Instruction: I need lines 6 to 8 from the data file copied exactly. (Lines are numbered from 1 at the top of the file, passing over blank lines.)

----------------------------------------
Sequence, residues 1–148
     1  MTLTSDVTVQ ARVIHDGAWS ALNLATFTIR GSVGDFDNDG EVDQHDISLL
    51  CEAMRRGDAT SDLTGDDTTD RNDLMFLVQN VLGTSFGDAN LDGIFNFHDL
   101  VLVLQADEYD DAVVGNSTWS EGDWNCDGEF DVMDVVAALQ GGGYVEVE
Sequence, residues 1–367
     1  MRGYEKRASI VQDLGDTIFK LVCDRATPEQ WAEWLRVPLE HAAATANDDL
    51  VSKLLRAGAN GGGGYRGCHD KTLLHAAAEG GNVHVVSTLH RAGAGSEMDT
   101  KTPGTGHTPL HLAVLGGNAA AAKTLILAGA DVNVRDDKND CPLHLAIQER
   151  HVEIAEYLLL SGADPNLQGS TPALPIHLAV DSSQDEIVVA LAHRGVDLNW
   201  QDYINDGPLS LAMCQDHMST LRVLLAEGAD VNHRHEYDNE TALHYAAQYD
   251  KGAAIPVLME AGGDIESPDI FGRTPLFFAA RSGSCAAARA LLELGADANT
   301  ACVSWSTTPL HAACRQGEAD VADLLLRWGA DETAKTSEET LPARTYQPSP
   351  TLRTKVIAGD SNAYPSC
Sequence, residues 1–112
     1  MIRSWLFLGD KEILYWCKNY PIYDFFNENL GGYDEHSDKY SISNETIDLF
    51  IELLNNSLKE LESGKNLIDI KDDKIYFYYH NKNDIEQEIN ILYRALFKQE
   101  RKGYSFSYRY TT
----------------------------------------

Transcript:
     1  MRGYEKRASI VQDLGDTIFK LVCDRATPEQ WAEWLRVPLE HAAATANDDL
    51  VSKLLRAGAN GGGGYRGCHD KTLLHAAAEG GNVHVVSTLH RAGAGSEMDT
   101  KTPGTGHTPL HLAVLGGNAA AAKTLILAGA DVNVRDDKND CPLHLAIQER